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Friday, January 13, 2012

Gold Bonds - Because Reality Always Wins

If reality always wins, then you have to be on the side of reality, and your planning has to be rooted in reality.

Ugly truth number 1:

By many measures, the US economy is already in a recession. It isn't quite in one yet, because the correlations haven't totally formed a controlling downward interaction.

Take a good look at this graph. It has YoY changes for real retail sales (through November, blue), real disposable personal income (red, through Q3), and government current receipts (gross, not real, in green).

Real disposable personal income is at 0% increase over the year. This doesn't usually happen in the run-up to a normal US recession, much less in a recovery. It's a dire signal.

Here is a long time series of government current receipts and real disposable personal income:

Reminder: real disposable personal income is calculated by subtracting taxes from income plus adjusting for inflation.

The mid 1970s recession is kind of similar, and it was caused mostly by high structural inflation which cut real incomes. One of the problems was energy. That accounted for a lot of the problem. Another problem was that tax brackets weren't pegged to inflation, so many persons ended up with constantly declining real incomes.

Thus, during the 70s sequence you see the apparent paradox of very high growth in government current receipts while growth in real personal disposable income lagged and then collapsed. Both the mid-70s recession, which was a very deep one, and the early 81 recession were caused by falls in real disposable personal income.

Usually in the US big drops in real disposable personal income are at least partly the result of the recession, with two counter-balancing factors coming into play - costs tend to drop as consumption and spending drop, which raises real incomes for all the people who don't lose employment or income, and many people do lose employment or income, which causes a drop in real personal income.

One of the major factors in the last recession was that as inflation dropped out, early in the recession real incomes rose sharply. That helped a great deal, but as the housing and credit bubbles kept popping, the downward drag took over again. However it was not until late 2010, when the misguided QE2 pumped a lot more money into commodities, that inflation really took off and choked off the slow recovery in real personal income.

Now it should be obvious that the FICA payroll tax cut has impaired government revenues, although it did support real disposable personal income. Therefore, without increasing the federal deficit, real personal disposable incomes would look worse since late 2010.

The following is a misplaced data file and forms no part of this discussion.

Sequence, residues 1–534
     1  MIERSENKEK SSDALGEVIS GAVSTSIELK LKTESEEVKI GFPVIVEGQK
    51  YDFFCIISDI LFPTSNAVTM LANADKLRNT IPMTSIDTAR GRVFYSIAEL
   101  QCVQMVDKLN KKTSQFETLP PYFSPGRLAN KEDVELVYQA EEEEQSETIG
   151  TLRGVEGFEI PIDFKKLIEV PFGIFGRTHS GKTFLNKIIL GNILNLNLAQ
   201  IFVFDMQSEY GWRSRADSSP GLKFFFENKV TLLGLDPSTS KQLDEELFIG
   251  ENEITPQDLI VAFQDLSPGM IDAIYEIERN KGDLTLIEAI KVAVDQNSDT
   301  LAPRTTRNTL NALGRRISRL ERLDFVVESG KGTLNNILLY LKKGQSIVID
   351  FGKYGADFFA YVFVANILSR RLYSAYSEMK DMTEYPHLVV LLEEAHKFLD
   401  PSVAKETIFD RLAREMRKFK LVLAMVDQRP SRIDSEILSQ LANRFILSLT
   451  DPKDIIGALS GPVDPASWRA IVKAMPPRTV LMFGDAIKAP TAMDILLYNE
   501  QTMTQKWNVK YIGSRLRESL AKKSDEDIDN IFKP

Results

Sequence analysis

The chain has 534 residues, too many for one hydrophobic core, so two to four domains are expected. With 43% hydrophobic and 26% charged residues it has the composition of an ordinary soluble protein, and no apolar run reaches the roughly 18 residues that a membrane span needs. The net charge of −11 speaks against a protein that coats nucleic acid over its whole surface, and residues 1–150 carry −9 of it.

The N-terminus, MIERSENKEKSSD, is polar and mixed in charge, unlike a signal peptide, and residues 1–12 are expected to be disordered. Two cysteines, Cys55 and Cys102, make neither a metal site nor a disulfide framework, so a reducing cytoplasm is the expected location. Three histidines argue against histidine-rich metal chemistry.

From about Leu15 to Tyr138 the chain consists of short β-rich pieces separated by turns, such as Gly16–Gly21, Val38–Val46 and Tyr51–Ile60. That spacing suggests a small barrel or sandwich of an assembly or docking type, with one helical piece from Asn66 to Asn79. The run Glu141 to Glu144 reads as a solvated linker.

Inflation will remain in the system through the next year. It may in fact be boosted by efforts to deal with the European debt crisis and the ripple effects, plus structurally slower real global growth.

US real retail sales do not show the normal pre-recession pattern of either continuously falling down to zero or getting stuck at no real growth. This is largely because of the FICA tax cut, which has to be one of the most ill-designed economic stimulus packages the US ever instituted post WWII. The FICA tax cut gave thousands in additional real income to a very small portion of the US population that already accounts for a disproportionate amount of personal consumption (because they have the money). This masked the fact that most of the population was seeing declining real incomes:

No problem at all, right? Or maybe it is.

The problem in the US is not wealthy people - it's that job creation has just stopped, and this plus inflation is depressing real incomes for most people. You don't have income mobility without jobs.

Living wage jobs have dropped over the course of a decade.

That red line is the number (absolute, not as a percent of working-age population) of full-time jobs. In eleven years, it hasn't increased.

The blue line is all jobs. We have added many part-time jobs, which diffuses the same level of income among a larger number of people who have less in the way of benefits.

Needless to say, we are supporting personal consumption with income transfers to the population. That's the black line.

The fundamentals for job creation have shifted slightly positively, despite the best efforts of our national government to destroy the economy. We cannot approach a real jobs recovery in less than 10 years, and if Obama gets another term make it 15 years.

The really strong element in the US economy preventing another recession is simply increased government transfers to the population.

So that's the structure. The government financing gap I guess will go in another post.

So it becomes a numbers game of trying to balance real disposable personal income with the total government budget (including interest on obligations)...interesting.
So what happens if, miracle of miracle, US policy shifts from suppression of oil and gas exploration to encouragement, ala our Canuncian friends to the north? If the price of motor fuels drops by 50 percent? For a typical family, that's about $2000 in direct savings, and I have no idea how to calculte the effects on transportation. I suppose lower natural gas prices would help family budgets as well. Den dere's all dose hard iron jobs in the fields and pipeline construction, plus allied and supporting industry. Just a fantasy, I know, but, hey, it could happen....
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